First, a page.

Wednesday, February 18, 2009

Not There Yet

Okay my chest swelled up and I am five pounds heavier. My skin looks better and I am not having hot flashes during the day. I still wake up at o'dark hundred every night. I am now only suicidal when it snows. (This is normal for here.) Is this success?

Now for something completely different. I hate, hate, hate to cook. Is a problem as I want to eat non-processed stuff. In response to Annimals' questions I reviewed my cooking history. Very interesting.

In doing my culinary retrospection I was shocked to discover my horrible experiences with cooking.

1. At four I did all the shopping and cooking for my mother and I. I would stand on a stool at the counter and she would direct me from the bedroom how to stir up pancakes and cook them in a frying pan. I also fried hunks of bologna. That's what we ate most of the time.

2. At six in the foster home I peeled potatoes for thirteen people every evening. Also carrots, turnips and beets. My first grade teacher thought I had some sort of disease after one of the beet nights. Here also began my dish washing odyssey.

3. At eleven I moved back in with my mother and took over cooking again. She was much better by now and helped me, but getting meals on the table was my responsibility.

4. At thirteen I began cooking supper once a week for the 25 old people in the nursing home. My adopted mother cooked the other nights. I made pancakes and eggs mostly. Sometimes I branched out with macaroni and cheese and vegetables. My first paid job was washing dishes in the nursing home. I started at twelve and finally graduated at fifteen when I became a nurses aid.

5. My adopted mother could cook like a dream, and she hated it. She was perpetually exhausted and cooking made her back hurt. But she cooked anyway. We did not eat our meals at the house, we ate at the nursing home.

6. During nursing school and after I mostly ate out or ate t.v. dinners or sandwiches. That is twenty-some years of junk food.

7. When I married at 32 I began cooking three meals a day. We have not been "in the funds" for a good portion of our married life so we have mostly eaten at home. Mark cannot taste much of anything so elaborate meals do not matter to him.

8. The only time I now go "all out" in the kitchen is when we are going to have company. As we usually have big gatherings I am tired and stressed out before, during and after these dreadful cooking marathons.

Is it any wonder I can't stand to cook. I am glad to have learned why I detest cooking but...I don't have any idea how to fix the problem. This cooking hangup is one of the main reasons I am fat, so I would really like to learn to appreciate cooking. Any ideas?

Bon Appetite, Bea

6 comments:

Annimal said...

So, of course you hate cooking. It's never been for or about your needs, it's always been drudgery or worse.
Was it enlightening to review your history with cooking? What are your thoughts about it now?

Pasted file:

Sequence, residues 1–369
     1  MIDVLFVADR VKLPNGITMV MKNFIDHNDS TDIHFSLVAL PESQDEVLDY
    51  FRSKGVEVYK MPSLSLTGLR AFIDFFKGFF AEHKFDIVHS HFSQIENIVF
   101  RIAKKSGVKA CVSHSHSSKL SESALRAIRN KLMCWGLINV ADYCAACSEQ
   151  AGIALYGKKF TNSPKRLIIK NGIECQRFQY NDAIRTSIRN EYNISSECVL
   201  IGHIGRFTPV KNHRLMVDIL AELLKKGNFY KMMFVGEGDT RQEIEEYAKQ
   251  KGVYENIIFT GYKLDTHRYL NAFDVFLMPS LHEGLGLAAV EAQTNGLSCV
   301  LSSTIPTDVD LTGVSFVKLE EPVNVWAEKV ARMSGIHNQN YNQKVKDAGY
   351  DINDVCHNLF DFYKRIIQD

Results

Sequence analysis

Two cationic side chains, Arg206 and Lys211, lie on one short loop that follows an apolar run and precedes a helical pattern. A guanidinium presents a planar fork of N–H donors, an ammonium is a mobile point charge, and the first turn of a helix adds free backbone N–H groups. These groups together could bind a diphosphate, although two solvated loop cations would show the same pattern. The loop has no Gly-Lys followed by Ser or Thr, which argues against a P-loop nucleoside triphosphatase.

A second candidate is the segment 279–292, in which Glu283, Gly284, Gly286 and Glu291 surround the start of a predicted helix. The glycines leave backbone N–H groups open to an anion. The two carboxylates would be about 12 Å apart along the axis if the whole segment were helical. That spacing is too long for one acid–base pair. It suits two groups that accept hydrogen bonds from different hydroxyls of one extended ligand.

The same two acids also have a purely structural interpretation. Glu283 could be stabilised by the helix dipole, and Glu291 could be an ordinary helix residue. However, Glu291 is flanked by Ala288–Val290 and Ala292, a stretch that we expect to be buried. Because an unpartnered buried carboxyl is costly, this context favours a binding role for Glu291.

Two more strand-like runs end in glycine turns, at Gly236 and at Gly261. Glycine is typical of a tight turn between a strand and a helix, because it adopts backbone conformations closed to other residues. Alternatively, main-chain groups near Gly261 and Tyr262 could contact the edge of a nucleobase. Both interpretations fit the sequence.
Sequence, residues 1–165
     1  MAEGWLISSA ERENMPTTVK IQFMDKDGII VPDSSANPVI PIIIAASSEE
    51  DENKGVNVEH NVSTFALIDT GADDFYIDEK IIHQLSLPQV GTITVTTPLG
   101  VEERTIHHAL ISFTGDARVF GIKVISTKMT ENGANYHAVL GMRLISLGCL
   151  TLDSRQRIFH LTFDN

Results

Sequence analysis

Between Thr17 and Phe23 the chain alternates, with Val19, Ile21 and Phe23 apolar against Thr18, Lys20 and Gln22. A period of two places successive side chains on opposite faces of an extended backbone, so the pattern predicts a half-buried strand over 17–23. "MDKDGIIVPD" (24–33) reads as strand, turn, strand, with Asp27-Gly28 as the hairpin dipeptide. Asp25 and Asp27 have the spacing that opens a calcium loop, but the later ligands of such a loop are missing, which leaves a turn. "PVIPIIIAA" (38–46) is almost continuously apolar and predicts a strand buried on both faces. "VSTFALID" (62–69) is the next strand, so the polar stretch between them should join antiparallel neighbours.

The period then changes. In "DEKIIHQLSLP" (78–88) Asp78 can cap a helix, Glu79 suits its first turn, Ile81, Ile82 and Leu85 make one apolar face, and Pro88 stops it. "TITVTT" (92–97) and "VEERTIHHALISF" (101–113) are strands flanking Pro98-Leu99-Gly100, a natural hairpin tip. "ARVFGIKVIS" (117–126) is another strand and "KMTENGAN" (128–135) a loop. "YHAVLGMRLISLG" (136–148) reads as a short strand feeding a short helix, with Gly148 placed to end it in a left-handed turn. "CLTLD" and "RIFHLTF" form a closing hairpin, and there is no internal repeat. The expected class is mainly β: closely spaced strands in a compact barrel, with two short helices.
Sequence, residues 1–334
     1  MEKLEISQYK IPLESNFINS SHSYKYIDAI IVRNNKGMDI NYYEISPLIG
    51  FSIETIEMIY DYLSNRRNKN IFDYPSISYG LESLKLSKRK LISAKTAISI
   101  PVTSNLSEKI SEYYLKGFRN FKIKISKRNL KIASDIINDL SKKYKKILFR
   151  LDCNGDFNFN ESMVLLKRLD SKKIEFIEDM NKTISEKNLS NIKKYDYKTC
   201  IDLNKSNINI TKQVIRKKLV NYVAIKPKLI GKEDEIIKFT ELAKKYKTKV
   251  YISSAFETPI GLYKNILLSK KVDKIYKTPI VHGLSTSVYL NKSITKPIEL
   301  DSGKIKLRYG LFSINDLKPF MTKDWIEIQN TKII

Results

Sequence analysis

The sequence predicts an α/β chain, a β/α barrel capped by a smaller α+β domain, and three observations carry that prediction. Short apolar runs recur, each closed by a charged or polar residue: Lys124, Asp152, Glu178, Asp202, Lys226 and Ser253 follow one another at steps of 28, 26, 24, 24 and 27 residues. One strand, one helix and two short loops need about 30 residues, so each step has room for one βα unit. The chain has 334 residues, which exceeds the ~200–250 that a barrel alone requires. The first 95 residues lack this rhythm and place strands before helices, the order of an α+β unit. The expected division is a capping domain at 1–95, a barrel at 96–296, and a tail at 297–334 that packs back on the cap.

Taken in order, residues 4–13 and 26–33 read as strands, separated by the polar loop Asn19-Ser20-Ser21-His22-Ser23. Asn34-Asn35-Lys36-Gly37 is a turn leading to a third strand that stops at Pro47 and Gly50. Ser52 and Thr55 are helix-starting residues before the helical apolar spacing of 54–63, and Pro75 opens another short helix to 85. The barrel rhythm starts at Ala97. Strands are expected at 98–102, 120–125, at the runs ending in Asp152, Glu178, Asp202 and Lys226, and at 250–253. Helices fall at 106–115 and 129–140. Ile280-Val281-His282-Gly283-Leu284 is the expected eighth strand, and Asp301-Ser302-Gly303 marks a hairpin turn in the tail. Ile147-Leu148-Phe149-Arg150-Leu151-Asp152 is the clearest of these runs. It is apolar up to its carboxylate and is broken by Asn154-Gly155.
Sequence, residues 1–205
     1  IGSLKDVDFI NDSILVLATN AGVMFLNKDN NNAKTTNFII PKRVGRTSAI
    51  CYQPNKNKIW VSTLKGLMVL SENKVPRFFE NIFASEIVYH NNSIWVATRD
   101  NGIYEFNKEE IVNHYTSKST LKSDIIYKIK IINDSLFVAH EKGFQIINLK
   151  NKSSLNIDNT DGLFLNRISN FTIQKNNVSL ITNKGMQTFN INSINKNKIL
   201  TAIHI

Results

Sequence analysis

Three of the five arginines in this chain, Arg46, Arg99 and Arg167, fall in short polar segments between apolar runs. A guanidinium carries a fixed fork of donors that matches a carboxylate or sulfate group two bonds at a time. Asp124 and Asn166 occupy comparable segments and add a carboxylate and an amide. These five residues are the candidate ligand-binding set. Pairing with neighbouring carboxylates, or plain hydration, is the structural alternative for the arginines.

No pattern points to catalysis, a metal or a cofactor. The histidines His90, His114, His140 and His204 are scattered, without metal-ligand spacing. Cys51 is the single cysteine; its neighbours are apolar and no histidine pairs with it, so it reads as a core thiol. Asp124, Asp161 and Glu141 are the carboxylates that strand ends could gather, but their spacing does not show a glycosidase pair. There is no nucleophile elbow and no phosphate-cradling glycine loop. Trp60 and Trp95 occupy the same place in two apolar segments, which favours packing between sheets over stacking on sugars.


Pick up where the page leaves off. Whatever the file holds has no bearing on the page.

I am thinking it's something you'd like to develop in yourself, otherwise you'd be fine with takeout and frozen meals. It is too bad that Mark doesn't have much of a taste because cooking for an appreciative loved one does create incentive.
I love to Bake--love it. It's my zen. I can spend hours in the kitchen (and frequently do). I adjust/improve recipes--I usually just need a list of ingredients from a product and I can replicate it at home. Like Baker's breakfast cookies or ginger-soy sauce bottled dressing from a favorite restaurant. Cooking on the other hand I don't love as much, but see it as a necessary chore to provide good nutrition for me and my family. I am learning to be a good cook--I have found cooking shows and magazines that explain the science of cooking and that helps me improve my dishes. (America's Test Kitchen-PBS-Love ya!)
I guess it's become my hobby, but also I consider it to be essential, as I no longer trust anything packaged/processed/frozen/imported. Too many health risks that I'm NOT willing to take for my family. It's not just me, I'm modeling the eating habits for my 3 children.
Can you learn to love cooking? I don't know the answer to that. Someone else who has overcome dislike of cooking would have to help you out. Is it simply a matter of attitude or is it an innate quality. Some people love card games, some sports, some sewing. Can we learn to love something we detested as a child? I think probably with the right motivation and insight.
My motto is always--don't let the bastards win. Don't let them take from you the life, as an adult, you are entitled to.
Best of life to you, my Dear.

Helen said...

I enjoy cooking a lot...as long as it doesn't take too much time and tastes like it did. ;-) My answer for all cooking-related questions is to get Moosewood Low Fat Favorites and start trying everything in there. Most things take very little time and are delicious.

As to hormones -- I really think you need to take something other than estradiol. The balance of that with the progesterone and whatever else you need is what makes you, well, balanced! I haven't gained any weight due to hormones (wish I could blame it on that!). :-)

Anonymous said...

Could we get an update on Mollie? I have not read in awhile and I remember at one point you considered rehoming her?

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